It then tries to correlate and make sense of this information. If any suspicious patterns or behaviours are observed, alerts can be generated and sent off to the relevant employees. Via a dashboard interface, security personnel can view reports and visualisations that could help them pick out anomalous patterns. SIEMs also make it significantly easier to piece together strands of information in the wake of a confirmed intrusion.
Intrusion detection systems (IDS) can either work at network level or sit on a server or host. Network intrusion detection systems (NIDS) sit in strategic locations monitoring traffic packets. If it detects the signature or pattern of an attack, it can raise an alert. A host intrusion detection system (HIDS) monitors traffic heading in and out of the server or computer and keeps tabs on any suspicious file changes.
Intrusion protection systems take the idea up another notch by being able to take measures to stop an attack, such as actively dropping packets or changing the network configuration. Traditionally in the IT world, a sandbox is an environment where developers could experiment freely with their code, with no consequences to the wider company.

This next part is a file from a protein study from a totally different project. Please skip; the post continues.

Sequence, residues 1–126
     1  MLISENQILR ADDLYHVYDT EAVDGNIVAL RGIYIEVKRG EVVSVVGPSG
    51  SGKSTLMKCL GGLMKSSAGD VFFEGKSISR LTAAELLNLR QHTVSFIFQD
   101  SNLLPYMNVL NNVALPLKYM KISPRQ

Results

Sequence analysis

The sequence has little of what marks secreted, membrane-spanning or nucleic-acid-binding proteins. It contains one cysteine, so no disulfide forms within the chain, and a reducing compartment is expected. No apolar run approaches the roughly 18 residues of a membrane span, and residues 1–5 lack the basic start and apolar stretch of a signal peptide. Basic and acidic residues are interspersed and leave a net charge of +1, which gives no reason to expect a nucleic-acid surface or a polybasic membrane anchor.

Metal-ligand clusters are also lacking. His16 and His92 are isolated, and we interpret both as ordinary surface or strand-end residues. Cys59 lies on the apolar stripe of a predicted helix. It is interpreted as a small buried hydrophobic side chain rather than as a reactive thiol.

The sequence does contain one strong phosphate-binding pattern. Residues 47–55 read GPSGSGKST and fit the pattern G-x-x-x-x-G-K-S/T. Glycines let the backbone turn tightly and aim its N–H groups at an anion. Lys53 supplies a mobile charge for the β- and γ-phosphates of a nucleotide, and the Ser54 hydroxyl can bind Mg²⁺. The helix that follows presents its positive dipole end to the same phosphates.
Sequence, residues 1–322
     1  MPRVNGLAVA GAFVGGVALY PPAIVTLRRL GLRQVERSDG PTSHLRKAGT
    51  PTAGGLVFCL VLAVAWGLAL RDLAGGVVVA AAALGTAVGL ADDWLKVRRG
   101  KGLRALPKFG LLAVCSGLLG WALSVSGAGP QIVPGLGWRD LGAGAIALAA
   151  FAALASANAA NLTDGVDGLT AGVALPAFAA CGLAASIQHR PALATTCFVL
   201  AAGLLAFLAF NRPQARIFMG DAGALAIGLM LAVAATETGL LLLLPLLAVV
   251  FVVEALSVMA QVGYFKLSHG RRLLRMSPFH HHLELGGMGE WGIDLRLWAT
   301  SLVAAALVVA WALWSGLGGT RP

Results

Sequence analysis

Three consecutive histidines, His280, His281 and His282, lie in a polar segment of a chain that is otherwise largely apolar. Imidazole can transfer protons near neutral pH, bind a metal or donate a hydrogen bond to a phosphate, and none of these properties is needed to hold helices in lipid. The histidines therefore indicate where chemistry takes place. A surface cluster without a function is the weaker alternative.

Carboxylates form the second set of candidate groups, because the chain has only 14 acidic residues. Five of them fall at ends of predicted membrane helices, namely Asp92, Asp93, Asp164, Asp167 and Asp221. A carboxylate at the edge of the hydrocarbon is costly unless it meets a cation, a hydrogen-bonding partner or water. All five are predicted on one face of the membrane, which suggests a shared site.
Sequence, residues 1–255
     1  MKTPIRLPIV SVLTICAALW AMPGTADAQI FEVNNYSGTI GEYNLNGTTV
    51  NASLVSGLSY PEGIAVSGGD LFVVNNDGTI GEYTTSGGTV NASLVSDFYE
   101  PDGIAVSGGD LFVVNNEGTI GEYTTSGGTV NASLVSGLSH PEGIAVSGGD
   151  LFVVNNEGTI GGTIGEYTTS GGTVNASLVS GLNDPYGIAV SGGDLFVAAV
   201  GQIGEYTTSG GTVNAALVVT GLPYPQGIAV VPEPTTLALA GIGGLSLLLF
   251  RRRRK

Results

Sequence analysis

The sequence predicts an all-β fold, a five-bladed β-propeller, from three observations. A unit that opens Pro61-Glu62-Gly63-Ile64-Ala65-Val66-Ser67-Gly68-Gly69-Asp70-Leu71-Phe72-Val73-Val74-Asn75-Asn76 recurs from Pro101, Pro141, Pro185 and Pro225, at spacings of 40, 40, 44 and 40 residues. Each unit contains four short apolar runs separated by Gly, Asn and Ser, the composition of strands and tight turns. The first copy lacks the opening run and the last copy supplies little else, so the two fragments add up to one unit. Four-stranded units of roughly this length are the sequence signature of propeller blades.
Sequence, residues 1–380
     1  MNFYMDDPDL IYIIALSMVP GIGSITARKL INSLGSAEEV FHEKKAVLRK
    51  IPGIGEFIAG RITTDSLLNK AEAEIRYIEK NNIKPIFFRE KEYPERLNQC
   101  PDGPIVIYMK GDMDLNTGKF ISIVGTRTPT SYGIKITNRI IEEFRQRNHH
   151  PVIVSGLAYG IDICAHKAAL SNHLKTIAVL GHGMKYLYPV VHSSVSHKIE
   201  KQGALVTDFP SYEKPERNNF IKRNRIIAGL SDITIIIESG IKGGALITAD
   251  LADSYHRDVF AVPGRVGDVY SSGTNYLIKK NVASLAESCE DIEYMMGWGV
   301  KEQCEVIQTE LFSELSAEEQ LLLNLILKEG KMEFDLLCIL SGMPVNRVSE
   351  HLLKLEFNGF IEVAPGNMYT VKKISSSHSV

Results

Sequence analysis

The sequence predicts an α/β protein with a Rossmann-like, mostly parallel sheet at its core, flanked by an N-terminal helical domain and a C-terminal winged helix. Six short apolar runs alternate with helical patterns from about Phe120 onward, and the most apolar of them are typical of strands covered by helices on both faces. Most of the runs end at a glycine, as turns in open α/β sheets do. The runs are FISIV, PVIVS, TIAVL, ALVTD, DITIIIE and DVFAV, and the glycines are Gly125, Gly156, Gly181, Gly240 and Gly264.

Over the past decade, high-end security equipment has begun using the technique to dynamically and realistically test out suspicious or unknown pieces of code or website links. Sandboxing is now beginning to filter down from large corporations and government organisations, and allows for previously unknown threats to be detected and neutralised without the need for human verification, classification and signature generation.
Next: combat phishing
Combat phishing by doing it yourself
Malicious attackers are zeroing in on what many consider to be the weakest points of any security setup, the water and carbon-based life forms running the whole shebang.
Most of us are wise to the fact that Nigerian princes really don’t need our help in transferring money around, and we almost certainly didn’t win a million euros in a lottery competition we never entered. So, attackers have begun crafting ever more realistic phishing emails that faithfully mimic correspondence from utility companies or package delivery services. While these emails are still distributed broadly, there’s evidence that hackers are also personalising emails to target particular people within organisations.